Like jewelry for your yard, gorgeous cape honeysuckle is a show-stopper with its stunning clusters of trumpet-shaped orange blossoms and fern-like foliage.
This viney, wide-spreading shrub blooms on and off all year, and makes a fabulous flowering hedge that attracts butterflies and birds including hummingbirds.
It can be left to grow very wide and kept at a height you can live with.
Though it's not a true honeysuckle, plants like these which are part climber and part shrub make versatile landscape plants. Like bougainvillea, it's all in how you train it, trim it, and want it to grow.
As a shrub or small tree or growing up over an arbor, the plant can be tamed to fit your landscaping needs.
Most homeowners grow it in bush form and it looks best when left to grow wide with a natural shape rather than manicured with hedge trimmers.
There are several other varieties with flowers in yellow and peach, though the blazing orange honeysuckle is by far the most popular and more readily available.
These are fast growing, evergreen plants that need full to part sun to look their best.
They're salt-tolerant and cold-hardy, doing fine anywhere in south Florida.
Size is up to you. Cape honeysuckle grows as much as 6 feet (or more) wide if you let it, or it can be trimmed to be about 4 or 5 feet in width. Its height varies...you can keep it 3 to 5 feet tall or let it grow quite a bit larger (and even let it climb, if you prefer).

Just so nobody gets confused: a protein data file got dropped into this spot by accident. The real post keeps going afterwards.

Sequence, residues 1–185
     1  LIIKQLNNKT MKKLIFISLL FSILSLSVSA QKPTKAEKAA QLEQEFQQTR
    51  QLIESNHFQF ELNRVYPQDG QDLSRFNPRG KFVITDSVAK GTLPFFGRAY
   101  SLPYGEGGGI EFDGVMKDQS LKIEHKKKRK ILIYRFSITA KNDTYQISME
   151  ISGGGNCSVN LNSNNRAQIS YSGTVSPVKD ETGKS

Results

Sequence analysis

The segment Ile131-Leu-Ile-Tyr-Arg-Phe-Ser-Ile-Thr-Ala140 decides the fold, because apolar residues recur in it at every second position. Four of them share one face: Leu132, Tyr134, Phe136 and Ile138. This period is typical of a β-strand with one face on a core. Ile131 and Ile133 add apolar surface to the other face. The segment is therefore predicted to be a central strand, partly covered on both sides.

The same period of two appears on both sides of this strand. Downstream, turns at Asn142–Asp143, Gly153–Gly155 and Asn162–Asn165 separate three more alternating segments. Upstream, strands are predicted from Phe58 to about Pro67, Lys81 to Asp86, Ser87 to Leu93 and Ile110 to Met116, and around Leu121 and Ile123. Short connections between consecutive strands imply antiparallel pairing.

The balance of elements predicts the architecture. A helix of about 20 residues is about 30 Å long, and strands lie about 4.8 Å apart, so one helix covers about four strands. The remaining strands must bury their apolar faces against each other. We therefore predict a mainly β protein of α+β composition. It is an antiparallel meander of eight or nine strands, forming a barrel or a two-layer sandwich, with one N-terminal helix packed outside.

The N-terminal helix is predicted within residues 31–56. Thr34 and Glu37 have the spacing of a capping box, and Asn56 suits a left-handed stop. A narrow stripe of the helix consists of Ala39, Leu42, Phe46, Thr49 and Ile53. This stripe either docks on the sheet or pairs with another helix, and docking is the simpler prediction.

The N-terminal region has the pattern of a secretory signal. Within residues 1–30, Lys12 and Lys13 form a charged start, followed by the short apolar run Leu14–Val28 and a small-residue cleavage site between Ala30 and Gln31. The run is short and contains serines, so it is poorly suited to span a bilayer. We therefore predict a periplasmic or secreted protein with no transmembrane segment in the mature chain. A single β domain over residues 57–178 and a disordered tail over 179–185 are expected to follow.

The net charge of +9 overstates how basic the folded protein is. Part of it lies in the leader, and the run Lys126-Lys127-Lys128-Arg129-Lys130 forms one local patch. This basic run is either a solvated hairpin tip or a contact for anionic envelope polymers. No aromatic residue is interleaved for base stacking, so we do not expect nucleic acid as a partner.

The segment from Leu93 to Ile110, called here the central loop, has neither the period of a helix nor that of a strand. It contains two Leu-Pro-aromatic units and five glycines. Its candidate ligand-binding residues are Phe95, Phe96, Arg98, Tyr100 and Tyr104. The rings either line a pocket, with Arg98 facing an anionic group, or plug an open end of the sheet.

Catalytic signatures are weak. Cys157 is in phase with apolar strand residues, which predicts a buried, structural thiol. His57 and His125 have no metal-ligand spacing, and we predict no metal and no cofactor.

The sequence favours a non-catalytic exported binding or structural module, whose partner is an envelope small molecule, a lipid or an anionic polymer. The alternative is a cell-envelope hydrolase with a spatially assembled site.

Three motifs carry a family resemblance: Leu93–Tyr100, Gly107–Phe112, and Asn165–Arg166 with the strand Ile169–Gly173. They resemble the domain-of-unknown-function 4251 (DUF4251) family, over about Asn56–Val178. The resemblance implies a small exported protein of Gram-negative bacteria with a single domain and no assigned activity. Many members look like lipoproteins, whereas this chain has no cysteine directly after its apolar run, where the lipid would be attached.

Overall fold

Add a combination of top soil or organic peat moss and composted cow manure to the hole when you plant.
Cut the plant back a bit after each bloom cycle.
Trim off wandering tendrils now and then to keep it more bush than vine.
Water on a regular basis but don't keep it overly wet.
Fertilize 3 times a year - in spring, summer and autumn - with a good granular fertilizer.
Place these shrubs 3 feet apart if you want them to grow together quickly.
Or you can situate them farther apart, about 5 feet, and they will fill in eventually.
Keep in mind nearby plants may be overtaken by the wide spread and rambling habit of cape honeysuckle, so allow plenty of room all around.
This shrub will do fine in a container, and works very well in planter boxes.
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